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914 posts. Alias of Robert Trifts.


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Liberty's Edge

I went looking for my LEgacy of Fire barbarian, Kyrano 'Ghu at 1st level. I couldn't find him. Here he is at 8th level.

He was almost always enlarged (from potion) during any combat. When enlarged, raging and hasted, he routinely did 100+ points of damage a round at 8th level. He could take enough damage that whatever he fought died *long* before it was a real threat to him (or anybody else).

His damage output was *ridiculously* high. At the end of the AP, we was at 248 HP, AC 28 and his damage output was well over 225 points a round. He convinced Azmyth and I that barbarians were just plainly unbalanced.

In Serpent Skull, I tried a dwarven fighter, lucerne hammer wielder, just for kicks. That was not quite as foolish as Kyrano - but he was close.

In both cases (barbarian or polearm fighter), the greatest exploit in the game is the near continuous use of potion of enlarged person in combat. There is no other CL1 magic item that is that DIRT cheap that is that effective at **all** power levels of the game. Anything that good is TOO GOOD. It should be banned, imo.
K'yrano 'Ghu
Male Gnoll barbarian (invulnerable rager) 8 (Pathfinder RPG Advanced Player's Guide 79)
CN Large humanoid (Gnoll, enlarged)
Init +2; Senses darkvision 60 ft.; Perception +12
AC 17, touch 9, flat-footed 15 (+7 armor, +2 deflection, +2 Dex, +1 natural, -1 size, -4 untyped penalty)
hp 119 (8d12+56)
Fort +12, Ref +4, Will +5
DR 4/—, 8/lethal; Resist fire 1, extreme endurance
Speed 50 ft.
Melee dagger +13/+8 (1d6+12/19-20) or
Entropan +14/+9 (3d6+19/×3 plus 2d6 vs. Lawful Outsider) or
Goreshred +15/+10 (3d6+20/×3 plus 2d6 vs. Humans)
Ranged mwk composite longbow +13/+8 (1d8/×3)
Space 10 ft.; Reach 10 ft.
Special Attacks rage (22 rounds/day), rage powers (intimidating glare, raging leaper +8, reckless abandon[APG], terrifying howl [dc 20])
Str 23, Dex 14, Con 22, Int 11, Wis 12, Cha 9
Base Atk +8; CMB +15; CMD 25
Feats Cleave, Great Cleave, Intimidating Prowess, Power Attack, Vital Strike
Traits finding haleen, killer
Skills Acrobatics +13 (+21 to jump, +18 to make high or long jumps, +21 to jump), Bluff +1, Climb +11, Diplomacy +1, Disguise +1, Handle Animal +3, Heal +2, Intimidate +15, Knowledge (local) +3, Knowledge (nature) +7, Linguistics +1, Perception +12, Ride +7, Stealth +5, Survival +9, Swim +10
Languages Common, Gnoll
SQ fast movement
Combat Gear potion of cure light wounds, potion of cure light wounds, potion of cure light wounds, potion of cure moderate wounds, potion of cure moderate wounds, potion of cure moderate wounds (3), potion of enlarge person, potion of enlarge person, potion of enlarge person, potion of enlarge person; Other Gear +3 mithral chain shirt, Entropan, Goreshred, arrows (20), dagger, mwk composite longbow, amulet of natural armor +1, boots of striding and springing, ring of jumping, ring of protection +2, adventurer's sash, backpack, belt pouch, 2,314 gp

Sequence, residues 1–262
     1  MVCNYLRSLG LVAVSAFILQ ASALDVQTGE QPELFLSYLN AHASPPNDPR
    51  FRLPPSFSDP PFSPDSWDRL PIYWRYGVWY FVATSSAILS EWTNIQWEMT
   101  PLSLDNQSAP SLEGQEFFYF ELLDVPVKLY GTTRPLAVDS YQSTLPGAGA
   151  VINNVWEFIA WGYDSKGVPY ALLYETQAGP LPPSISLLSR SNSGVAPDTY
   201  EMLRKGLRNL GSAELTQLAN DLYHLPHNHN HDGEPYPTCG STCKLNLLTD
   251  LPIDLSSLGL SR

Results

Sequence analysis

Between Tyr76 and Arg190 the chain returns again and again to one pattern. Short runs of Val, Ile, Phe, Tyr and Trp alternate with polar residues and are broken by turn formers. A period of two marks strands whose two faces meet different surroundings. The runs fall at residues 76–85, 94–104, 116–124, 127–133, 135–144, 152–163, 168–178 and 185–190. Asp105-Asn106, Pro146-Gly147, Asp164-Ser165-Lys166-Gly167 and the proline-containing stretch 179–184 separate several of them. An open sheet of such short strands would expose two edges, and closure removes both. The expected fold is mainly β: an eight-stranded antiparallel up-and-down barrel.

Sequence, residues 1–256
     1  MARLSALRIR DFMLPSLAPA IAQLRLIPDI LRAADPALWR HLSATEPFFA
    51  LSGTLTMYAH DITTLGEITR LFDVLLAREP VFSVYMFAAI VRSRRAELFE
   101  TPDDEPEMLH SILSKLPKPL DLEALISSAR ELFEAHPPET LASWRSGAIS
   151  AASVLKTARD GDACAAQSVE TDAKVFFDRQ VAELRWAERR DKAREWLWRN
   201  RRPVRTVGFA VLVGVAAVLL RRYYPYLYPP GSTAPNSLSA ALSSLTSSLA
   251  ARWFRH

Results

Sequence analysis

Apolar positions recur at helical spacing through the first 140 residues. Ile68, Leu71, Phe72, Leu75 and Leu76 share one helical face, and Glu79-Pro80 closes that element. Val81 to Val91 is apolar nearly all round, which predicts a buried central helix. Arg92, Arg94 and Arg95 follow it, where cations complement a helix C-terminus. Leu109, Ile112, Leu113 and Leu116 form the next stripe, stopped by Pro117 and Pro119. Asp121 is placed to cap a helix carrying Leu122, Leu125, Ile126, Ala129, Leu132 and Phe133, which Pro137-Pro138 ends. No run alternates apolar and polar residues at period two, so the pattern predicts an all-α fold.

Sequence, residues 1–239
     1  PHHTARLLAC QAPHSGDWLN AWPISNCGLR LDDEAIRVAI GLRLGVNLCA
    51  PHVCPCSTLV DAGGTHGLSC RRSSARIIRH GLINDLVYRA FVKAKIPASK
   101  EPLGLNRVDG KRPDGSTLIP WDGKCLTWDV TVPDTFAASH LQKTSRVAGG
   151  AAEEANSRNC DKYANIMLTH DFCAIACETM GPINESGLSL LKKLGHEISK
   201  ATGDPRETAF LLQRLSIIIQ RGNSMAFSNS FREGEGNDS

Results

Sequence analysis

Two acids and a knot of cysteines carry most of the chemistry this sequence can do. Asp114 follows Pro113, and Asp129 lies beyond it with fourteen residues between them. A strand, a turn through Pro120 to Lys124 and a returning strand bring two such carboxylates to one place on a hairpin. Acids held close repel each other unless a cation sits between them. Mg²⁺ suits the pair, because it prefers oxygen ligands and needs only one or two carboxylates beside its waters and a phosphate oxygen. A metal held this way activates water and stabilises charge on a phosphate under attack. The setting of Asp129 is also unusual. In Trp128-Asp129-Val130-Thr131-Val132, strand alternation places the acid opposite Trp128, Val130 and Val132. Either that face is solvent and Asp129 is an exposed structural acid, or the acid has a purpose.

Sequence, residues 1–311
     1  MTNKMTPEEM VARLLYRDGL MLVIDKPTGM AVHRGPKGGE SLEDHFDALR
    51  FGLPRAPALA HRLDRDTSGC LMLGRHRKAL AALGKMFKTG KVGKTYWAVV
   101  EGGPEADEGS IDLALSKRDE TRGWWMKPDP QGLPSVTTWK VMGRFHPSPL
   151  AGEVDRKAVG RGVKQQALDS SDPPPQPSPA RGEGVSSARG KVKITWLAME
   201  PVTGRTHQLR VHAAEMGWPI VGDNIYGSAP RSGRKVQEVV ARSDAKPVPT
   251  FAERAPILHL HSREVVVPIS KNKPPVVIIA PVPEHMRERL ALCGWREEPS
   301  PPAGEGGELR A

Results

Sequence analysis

Special Abilities
Cleave If you hit a foe, attack an adjacent target at the same attack bonus but take -2 AC.
Damage Reduction (4/-) You have Damage Reduction against all attacks.
Damage Reduction (8/lethal) You have Damage Reduction against non-lethal damage
Darkvision (60 feet) You can see in the dark (black and white vision only).
Energy Resistance, Fire (1) You have the specified Energy Resistance against Fire attacks.
Extreme Endurance (Fire) (Ex) At 3rd level, the invulnerable rager is inured to either hot or cold climate effects (choose one) as if using endure elements. In addition, the barbarian gains 1 point of fire or cold resistance for every three levels beyond 3rd. This ability
Fast Movement +10 (Ex) +10 feet to speed, unless heavily loaded.
Intimidating Glare (Ex) As a move action while raging, demoralize vs. adj foe with extended duration.
Killer Add weapon's critical modifier to its critical bonus damage.
Power Attack -3/+6 You can subtract from your attack roll to add to your damage.
Rage (22 rounds/day) (Ex) +4 Str, +4 Con, +2 to Will saves, -2 to AC when enraged.
Raging Leaper +8 (Ex) While raging, gain the listed enhancement bonus to Acrobatics to jump.
Reckless Abandon (+/-3) (Ex) Trade AC penalty for to hit bonus while raging.
Ring of jumping This ring continually allows the wearer to leap about, providing a +5 competence bonus on all his Acrobatics checks made to make high or long jumps.

Requirements: Forge Ring, creator must have 5 ranks in the Acrobatics skill; Cost 1,250 gp
Terrifying Howl (DC 20) (Ex) While raging, howl to panic shaken foes.
Vital Strike Standard action: x2 weapon damage dice.

Liberty's Edge

Lass wrote:
I'm running this with my online group and am frustrated by a lack of maps for several areas of Skirgaad such as the Drake Caves, Mess Hall and Winter Wolf Warrens. Have others come up with good alternatives?

Do you have the poster map folio? That provides you with a fairly good idea of what they should look like in terms of elevation, relative size and basic layout.

Liberty's Edge

karpana wrote:

Looking for some quick advice...

The initial encounter run up for Ewigga in J4, it speaks about how Ingrahild and her brother decimated Ewigga's coven before she fled into the vault.

My player party has Ingrahild in the group for the moment...and while Ingrahild won't recognize Ewigga (due to Ewigga's disguise), it should be evident that Ewigga recognizes Ingrahild.